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Therefore I say to you: “Let Europe arise!”

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70 years before the Brexit referendum, Winston Churchill called for the unity of Europe

It’s the 19th September 1946. Noise level rises as Winston Churchill steps up to the podium of the assembly hall at the University of Zurich. “I wish to speak to you today about the tragedy of Europe”, he begins his speech. “What is the plight to which Europe has been reduced? Some of the smaller states have indeed made a good recovery, but over wide areas a vast quivering mass of tormented, hungry, care-worn and bewildered human beings gape at the ruins of their cities and homes, and scan the dark horizons for the approach of some new peril, tyranny or terror.”

In the aftermath of the Second World War a new world order has emerged. In the West, the United States has finally proven themselves as the new superpower. In the East, the Soviet Union are increasing their influence. Europe, meanwhile, lies in ruins. How can the old continent recover from the terror and brutality it had experienced throughout the previous years? What is needed to create peace between the European nations and to reconstitute the old strength of Europe?

According to Winston Churchill, the solution is the recreation of the European family. He speaks of a notion which has already appeared before the World War: “We must build a kind of United States of Europe.” In such a project, smaller and economically weaker countries would count as much as the larger European countries. What causes uproar is his suggestion that the first step towards a European family must be the reconciliation of France and Germany: “There can be no revival of Europe without a spiritually great France and a spiritually great Germany.” Those two countries should take the lead of the United Europe together. Of course, the idea of Germany regaining power causes worry throughout Europe.

Nowadays, the difficult relationship between Britain and the European Union often makes one forget that it was Britain’s iconic wartime Prime Minister who put a lot of effort into the project of uniting Europe. The fact that Winston Churchill – symbol of a strong and independent Britain – drove the European project forward is often recalled by those who oppose Brexit. However, those parties in favour of leaving the Union have often cited Churchill’s words of the 1946 speech as well. In fact, the speech lets room for interpretation about the role of Britain in Churchill’s notion of Europe. Did he want Britain to be part of it or not?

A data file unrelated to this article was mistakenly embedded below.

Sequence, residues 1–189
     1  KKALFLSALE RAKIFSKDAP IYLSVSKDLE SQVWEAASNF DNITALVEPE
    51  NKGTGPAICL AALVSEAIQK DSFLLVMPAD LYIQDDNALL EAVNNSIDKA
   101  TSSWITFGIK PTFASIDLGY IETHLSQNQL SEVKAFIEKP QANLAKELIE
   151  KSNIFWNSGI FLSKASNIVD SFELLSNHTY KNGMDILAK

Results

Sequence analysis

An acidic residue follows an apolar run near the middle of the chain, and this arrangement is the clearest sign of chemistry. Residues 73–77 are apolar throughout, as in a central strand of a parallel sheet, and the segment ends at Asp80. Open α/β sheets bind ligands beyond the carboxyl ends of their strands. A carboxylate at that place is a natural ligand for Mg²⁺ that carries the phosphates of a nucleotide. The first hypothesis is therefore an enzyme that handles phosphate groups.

The way he praises Europe as “the home of all the great parent races of the western world” suggests that he definitely considered Britain to be a part of this hub of the universe. Contrarily, several passages strongly suggest that in the Churchillian world view, Europe was the continental parts only. The United States of Europe should be another huge entity coexisting and even cooperating with the British Commonwealth: “Great Britain, the British Commonwealth of Nations, mighty American and I trust Soviet Russia – for then indeed all would be well – must be the friends and sponsors of the New Europe”. Those passages indicate that although forging European Unity, Winston Churchill did probably not consider Britain to be a part of Europe. But those were different times. Already one year after his speech in Zurich, India was an independent country and the British Empire began to disintegrate. How would Winston Churchill have voted in 2016? We do not know.

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Manuel Trottmann

History Editor | 19-20

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